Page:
IMHO, the Buddhist layperson does pay attention to laws and events that impact others. To do otherwise, to pay no attention, is to be unaware if my family, children, grandchildren, friends, neighbors, world, etc., become exposed to a high risk environment. IMHO, that makes me a contributor to whatever violence befalls them. I am also a contributor to whatever violence befalls others when I do nothing to prevent it or to safeguard others. So these days, I vote for those who practice peace, I practice peace myself, but I remain aware of those who do not intend peace for others.

OK, off the soapbox :)

Hoo

notself
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Re: Defamation of Religion

Postby notself » Sun Nov 07, 2010 2:22 am

Last edited by notself on Sun Nov 07, 2010 2:27 am, edited 1 time in total.
Though one may conquer a thousand times a thousand men in battle, yet he is indeed the noblest victor who conquers himself. ---Dhp 103

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retrofuturist
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Re: Defamation of Religion

Postby retrofuturist » Sun Nov 07, 2010 2:24 am

"Do not force others, including children, by any means whatsoever, to adopt your views, whether by authority, threat, money, propaganda, or even education." - Ven. Thich Nhat Hanh

"The uprooting of identity is seen by the noble ones as pleasurable; but this contradicts what the whole world sees." (Snp 3.12)

"To argue with a person who has renounced the use of reason is like administering medicine to the dead" - Thomas Paine

alan
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Re: Defamation of Religion

Postby alan » Sun Nov 07, 2010 3:00 am

Toleration is a wonderful idea, until it is applied to things that should not be tolerated.

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Dan74
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Re: Defamation of Religion

Postby Dan74 » Sun Nov 07, 2010 4:11 am

_/|\_

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Bhikkhu Pesala
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Re: Defamation of Religion

Postby Bhikkhu Pesala » Sun Nov 07, 2010 6:57 am



(useful site to add to your bookmarks).
• • • • (Upasampadā: 24th June, 1979)

Paññāsikhara
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Re: Defamation of Religion

Postby Paññāsikhara » Sun Nov 07, 2010 7:18 am

To me there often seems to be some kind of internal contradiction in some of these situations.
On one hand, some religious teachings encourage forms of violence towards certain members of society, including censorship of them, and even hatred.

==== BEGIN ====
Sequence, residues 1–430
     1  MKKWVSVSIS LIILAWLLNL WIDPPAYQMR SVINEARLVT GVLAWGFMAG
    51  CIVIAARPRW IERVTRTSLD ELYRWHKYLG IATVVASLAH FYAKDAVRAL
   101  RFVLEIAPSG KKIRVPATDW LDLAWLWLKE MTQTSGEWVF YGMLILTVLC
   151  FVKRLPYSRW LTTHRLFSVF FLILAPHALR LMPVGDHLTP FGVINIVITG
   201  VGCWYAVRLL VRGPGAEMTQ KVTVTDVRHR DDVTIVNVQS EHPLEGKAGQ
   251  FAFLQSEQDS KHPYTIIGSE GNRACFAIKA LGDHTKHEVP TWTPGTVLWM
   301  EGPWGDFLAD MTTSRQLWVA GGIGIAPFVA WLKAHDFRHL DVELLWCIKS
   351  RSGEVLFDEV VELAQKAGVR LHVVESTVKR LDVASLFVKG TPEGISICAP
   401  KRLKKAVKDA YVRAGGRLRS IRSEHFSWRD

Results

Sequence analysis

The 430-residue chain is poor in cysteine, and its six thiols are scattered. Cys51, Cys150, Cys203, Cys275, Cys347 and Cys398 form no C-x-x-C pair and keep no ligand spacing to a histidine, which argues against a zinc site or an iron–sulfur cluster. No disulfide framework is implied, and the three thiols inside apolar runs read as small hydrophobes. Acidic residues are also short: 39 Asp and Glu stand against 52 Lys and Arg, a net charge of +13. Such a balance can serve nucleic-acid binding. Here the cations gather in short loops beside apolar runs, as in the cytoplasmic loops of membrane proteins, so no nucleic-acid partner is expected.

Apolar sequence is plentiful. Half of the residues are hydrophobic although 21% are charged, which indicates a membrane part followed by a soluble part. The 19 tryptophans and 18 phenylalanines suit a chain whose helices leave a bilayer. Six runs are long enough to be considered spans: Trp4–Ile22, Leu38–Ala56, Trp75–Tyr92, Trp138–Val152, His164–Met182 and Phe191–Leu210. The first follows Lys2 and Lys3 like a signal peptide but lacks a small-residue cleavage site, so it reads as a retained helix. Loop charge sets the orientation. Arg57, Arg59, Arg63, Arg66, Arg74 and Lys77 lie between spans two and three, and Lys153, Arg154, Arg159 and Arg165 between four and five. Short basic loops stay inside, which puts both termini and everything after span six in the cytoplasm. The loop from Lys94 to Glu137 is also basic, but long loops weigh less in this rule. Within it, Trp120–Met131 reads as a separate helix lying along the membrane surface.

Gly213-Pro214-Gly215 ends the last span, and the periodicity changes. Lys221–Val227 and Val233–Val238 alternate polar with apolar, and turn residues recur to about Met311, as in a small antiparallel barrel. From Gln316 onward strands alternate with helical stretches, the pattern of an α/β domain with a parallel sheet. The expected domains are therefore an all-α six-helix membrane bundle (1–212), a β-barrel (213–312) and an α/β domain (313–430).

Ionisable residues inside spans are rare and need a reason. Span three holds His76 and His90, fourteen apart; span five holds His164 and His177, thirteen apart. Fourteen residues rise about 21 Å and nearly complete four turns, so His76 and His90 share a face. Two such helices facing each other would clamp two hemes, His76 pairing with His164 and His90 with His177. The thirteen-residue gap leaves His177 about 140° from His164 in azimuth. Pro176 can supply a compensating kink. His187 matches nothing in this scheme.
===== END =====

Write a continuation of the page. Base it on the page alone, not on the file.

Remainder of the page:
On the other hand, the modern human rights notion tries to safeguard freedom of religion.
But this freedom of religion includes religious ideas that themselves do not support freedom of religion, sexuality, etc. for others.
By upholding these religions, one effectively upholds these forms of institutionalized (even sanctified) intolerance.
By by pointing this out, one is accused of not promoting freedom of religion.

It is for this reason that for a long time, although I feel the basic notion of human rights is very good, I often really cannot understand the basic ideas on which it is based. And nobody has yet provided me with a convincing argument about these "rights" actually are / what the idea means. (Please don't take this last point in the naive sense.) It always seems to come down to - who has power.
My recently moved Blog, containing some of my writings on the Buddha Dhamma, as well as a number of translations from classical Buddhist texts and modern authors, liturgy, etc.: .

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Dan74
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Re: Defamation of Religion

Postby Dan74 » Sun Nov 07, 2010 8:44 am

I don't think anyone would seriously legislate against pointing out "issues" with certain religious doctrines.

But perhaps it is good to keep in mind that most religions are a hodge-podge of often contradictory teachings some of which are emphasized and some de-emphasized. So finding a line in some holy scripture that appears to endorse violence is not "proof" that that religion endorses violence. These things are often quoted out of the historical context in which they arose and this is quite unfair, IMO.

On the other hand if one is so inclined one can still point such passages and doctrines out and criticise. This would not be forbidden under the Hate Laws in Australia, I believe.